Citation: jackiejones. "In an Inpatient Psychiatric Setting: An Experience with Thorazine & Diphenhydramine (exp111563)". Erowid.org. May 3, 2018. erowid.org/exp/111563
I recently was committed to a psychiatric facility after experiencing a terrible divorce and the emotional fallout that accompanied it. I had been having panic attacks upon waking and periodically throughout each day for months. It came to be that I was unable to cope with life whatsoever and made the decision to be evaluated and treated for my emotional instability.
Upon being admitted to the unit, I was given PRNs of 2mg Lorazepam every two hours. Being a drug user, bored, and looking to push things, I thought I would try testing the system to see what else was available; I told the medication nurse that I was agitated and considering lashing out at another patient. Her response was 'Will you take some medication willingly, or do we have to force it upon you?' 'Willingly, thank you', I replied. I was then escorted into a medical room by two nurses and given a 5mg IM injection of Lorazepam into my left buttock. The effects were as expected, a rapid onset of pleasant sedation with mild accompanying amnesia. 'This will work', I thought. I repeated this routine for several days, until the psychiatrist I met with daily called me out on my drug seeking behavior.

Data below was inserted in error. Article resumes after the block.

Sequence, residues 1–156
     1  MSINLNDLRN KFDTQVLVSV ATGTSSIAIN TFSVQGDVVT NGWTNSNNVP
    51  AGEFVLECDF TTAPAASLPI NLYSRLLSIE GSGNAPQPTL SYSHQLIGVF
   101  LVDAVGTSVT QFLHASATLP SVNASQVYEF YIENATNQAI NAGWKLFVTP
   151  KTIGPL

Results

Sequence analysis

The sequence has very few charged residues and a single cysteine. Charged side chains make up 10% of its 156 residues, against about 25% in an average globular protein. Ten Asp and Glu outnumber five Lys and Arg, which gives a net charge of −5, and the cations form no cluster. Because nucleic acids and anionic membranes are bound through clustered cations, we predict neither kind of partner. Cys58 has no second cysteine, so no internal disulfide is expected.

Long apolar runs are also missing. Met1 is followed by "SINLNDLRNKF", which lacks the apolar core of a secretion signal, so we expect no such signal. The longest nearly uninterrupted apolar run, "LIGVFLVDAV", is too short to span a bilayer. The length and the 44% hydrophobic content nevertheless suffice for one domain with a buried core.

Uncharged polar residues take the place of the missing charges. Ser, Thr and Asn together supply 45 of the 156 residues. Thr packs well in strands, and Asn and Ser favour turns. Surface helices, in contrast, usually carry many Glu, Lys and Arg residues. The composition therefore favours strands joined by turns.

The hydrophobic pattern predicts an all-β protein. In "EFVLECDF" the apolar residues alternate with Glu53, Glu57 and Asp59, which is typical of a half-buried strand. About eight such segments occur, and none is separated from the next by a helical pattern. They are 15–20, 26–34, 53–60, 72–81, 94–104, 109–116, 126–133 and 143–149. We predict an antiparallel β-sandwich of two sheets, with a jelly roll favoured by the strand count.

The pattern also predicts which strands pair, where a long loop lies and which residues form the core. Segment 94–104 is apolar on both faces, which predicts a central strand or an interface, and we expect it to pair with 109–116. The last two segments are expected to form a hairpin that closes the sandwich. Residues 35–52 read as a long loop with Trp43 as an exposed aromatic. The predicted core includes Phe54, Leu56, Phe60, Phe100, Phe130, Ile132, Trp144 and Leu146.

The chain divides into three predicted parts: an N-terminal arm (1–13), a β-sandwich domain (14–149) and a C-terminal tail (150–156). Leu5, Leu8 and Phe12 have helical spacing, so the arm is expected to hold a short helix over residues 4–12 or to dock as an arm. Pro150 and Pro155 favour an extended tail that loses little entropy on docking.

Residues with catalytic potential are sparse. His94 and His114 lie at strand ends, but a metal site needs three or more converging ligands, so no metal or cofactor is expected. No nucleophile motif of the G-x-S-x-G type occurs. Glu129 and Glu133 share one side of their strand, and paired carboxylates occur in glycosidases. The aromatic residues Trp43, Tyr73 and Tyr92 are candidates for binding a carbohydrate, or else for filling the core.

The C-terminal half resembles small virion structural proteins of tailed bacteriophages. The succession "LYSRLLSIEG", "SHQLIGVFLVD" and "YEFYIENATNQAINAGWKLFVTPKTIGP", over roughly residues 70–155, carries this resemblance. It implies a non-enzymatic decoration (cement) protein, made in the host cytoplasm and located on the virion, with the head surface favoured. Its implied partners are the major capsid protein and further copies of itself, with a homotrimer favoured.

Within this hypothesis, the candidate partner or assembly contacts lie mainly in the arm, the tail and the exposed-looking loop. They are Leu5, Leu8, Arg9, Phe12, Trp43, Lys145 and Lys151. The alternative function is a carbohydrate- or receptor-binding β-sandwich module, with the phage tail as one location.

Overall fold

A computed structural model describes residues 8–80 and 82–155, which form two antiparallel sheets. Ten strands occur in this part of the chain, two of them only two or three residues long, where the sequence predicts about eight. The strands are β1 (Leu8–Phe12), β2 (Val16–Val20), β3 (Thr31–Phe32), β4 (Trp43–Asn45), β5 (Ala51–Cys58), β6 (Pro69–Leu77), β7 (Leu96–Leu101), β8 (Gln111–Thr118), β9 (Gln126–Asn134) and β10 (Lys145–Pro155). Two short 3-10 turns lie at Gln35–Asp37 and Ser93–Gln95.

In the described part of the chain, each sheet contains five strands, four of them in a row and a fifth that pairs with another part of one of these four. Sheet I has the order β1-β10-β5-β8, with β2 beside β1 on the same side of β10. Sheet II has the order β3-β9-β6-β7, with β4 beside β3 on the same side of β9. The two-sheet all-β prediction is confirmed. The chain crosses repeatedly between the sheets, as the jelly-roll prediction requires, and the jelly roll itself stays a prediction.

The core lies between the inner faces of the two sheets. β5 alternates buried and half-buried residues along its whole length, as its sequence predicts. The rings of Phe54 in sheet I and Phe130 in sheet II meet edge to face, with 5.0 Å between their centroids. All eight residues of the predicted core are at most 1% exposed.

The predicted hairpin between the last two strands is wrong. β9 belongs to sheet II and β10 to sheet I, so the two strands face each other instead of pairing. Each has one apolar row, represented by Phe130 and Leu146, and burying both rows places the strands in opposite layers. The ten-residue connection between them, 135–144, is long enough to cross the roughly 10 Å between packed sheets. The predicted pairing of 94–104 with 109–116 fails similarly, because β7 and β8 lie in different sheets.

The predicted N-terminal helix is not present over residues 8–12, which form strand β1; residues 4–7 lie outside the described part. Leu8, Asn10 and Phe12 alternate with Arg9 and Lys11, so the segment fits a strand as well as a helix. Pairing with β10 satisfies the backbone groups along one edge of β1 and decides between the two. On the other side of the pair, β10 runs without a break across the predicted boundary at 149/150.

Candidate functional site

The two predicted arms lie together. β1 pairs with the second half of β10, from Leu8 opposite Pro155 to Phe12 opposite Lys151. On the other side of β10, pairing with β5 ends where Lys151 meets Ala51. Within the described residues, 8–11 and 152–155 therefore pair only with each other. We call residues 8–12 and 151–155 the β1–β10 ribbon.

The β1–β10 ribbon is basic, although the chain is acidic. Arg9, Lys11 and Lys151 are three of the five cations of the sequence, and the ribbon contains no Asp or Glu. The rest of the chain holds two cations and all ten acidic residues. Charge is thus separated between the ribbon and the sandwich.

I repeated this routine for several days, until the psychiatrist I met with daily called me out on my drug seeking behavior.
'I think you like Ativan too much. We are going to try something else from here on.' said he. 'I am allergic to Haldol.' I replied. 'So your chart indicates, so we are going to use a mixture of Thorazine and Benadryl. It has the same calming effects as Ativan, minus the addictive potential.' Disappointed yet intrigued, I looked forward to my next shot.
Intramuscular Thorazine hurts. A lot. For days. Within three days with two shots per, I could not sit down without an appreciable amount of pain radiating from my buttocks and upper legs. The effects of a shot are not immediate, being noticeable after perhaps ten minutes. A welcome contentment enveloped my being for several hours and I did not feel like moving around often. No euphoria, not even as much as higher dose Lorazepam provides, and the effects are not mentally sedating in nature. I did notice myself becoming more social as a result, which is beyond my normal character. After a few days I could not stand the pain from the IM shots, so I requested to begin taking the medication orally, which had even less appreciable effects.
In conclusion, Thorazine is not a recreational drug. It is noticeably psychoactive and eases anxiety. I noticed a significant decrease in my panic attacks while on the medicine. I would like to, and intend on, experimenting with higher doses.
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